These photos show dozens of dead turtle hatchlings caught up in huge mounds of killer gulfweed after they tried to make their way to the sea.
The images, taken at the Sian Ka’an Biosphere Reserve in the southern Mexican state of Quintana Roo, were shared on Facebook by netizen ‘Viviana Garcia’ where they have been widely shared.
She wrote: “Gulfweed affects everyone, but no more than these little turtles. It is already difficult for them to reach maturity due to predators, but now they cannot even make it to the sea due to the huge mounds of gulfweed.
“This happened in the Sian Ka’an Reserve where there are miles of nests.”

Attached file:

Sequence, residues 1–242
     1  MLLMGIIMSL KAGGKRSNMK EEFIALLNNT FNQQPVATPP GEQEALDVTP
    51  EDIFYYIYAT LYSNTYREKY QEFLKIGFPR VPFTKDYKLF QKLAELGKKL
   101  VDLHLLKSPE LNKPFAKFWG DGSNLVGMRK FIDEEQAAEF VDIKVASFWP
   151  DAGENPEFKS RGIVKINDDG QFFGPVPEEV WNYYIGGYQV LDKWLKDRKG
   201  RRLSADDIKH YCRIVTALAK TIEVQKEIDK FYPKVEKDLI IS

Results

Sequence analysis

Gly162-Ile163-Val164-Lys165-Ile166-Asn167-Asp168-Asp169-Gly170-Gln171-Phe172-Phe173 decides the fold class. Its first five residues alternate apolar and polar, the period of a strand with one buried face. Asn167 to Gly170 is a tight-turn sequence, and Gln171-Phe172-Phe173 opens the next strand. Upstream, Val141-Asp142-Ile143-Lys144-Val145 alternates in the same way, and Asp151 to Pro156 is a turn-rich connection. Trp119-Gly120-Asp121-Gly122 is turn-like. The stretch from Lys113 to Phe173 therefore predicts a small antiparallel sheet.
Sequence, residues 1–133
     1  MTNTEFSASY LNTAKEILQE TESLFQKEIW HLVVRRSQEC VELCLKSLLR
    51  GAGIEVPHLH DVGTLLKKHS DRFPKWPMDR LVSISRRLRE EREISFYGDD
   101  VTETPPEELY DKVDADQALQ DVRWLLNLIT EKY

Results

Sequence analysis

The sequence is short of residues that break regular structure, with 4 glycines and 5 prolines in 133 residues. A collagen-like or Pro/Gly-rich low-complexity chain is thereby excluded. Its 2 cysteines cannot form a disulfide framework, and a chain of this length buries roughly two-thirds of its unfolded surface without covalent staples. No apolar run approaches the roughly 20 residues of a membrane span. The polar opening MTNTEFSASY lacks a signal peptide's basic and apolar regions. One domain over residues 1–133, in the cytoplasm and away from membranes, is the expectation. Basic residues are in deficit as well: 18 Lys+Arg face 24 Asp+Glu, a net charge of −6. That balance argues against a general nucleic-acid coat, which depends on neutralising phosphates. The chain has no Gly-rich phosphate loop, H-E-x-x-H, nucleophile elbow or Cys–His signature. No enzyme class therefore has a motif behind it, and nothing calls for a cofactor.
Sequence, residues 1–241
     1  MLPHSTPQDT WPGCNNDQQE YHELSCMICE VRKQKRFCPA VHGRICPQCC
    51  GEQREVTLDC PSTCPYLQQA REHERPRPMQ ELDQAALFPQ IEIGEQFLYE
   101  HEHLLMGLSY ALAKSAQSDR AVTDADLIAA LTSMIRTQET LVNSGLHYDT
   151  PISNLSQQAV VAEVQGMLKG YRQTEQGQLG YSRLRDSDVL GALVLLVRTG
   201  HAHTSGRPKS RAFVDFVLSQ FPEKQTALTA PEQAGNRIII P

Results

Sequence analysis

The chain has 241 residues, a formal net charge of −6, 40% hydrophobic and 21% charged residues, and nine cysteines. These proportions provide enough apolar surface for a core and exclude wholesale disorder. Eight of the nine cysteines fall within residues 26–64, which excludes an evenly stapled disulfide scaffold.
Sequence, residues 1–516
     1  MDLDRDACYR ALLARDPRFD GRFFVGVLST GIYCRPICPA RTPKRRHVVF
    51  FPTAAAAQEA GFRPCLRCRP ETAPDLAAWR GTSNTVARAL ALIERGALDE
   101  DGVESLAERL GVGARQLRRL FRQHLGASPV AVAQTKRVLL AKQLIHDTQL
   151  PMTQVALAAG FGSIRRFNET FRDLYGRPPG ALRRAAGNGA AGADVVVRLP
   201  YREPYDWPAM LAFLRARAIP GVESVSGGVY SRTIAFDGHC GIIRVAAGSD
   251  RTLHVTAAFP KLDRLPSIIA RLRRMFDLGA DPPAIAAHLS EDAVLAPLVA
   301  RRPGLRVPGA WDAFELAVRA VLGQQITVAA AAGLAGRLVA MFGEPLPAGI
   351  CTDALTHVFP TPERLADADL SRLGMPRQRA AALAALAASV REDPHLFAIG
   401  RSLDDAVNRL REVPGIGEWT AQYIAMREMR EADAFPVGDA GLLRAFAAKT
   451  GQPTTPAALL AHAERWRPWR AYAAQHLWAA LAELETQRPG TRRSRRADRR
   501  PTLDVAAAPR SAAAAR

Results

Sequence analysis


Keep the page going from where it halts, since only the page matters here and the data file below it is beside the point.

The turtles hatch during the first two weeks of August and all of September and October which is why the authorities and animal activists are trying to deal with the current gulfweed problem, according to reports.
The accumulation of gulfweed changes the water’s pH levels and affects marine life and mangroves which form a natural barrier against adverse weather conditions, such as hurricanes.
The Sian Ka’an Biosphere Reserve became a UNESCO World Heritage Site in 1987.
On 11th July, wildfires affected the area and now 90 percent of the blaze is reportedly under control after damaging an area of around 2,900 hectares.
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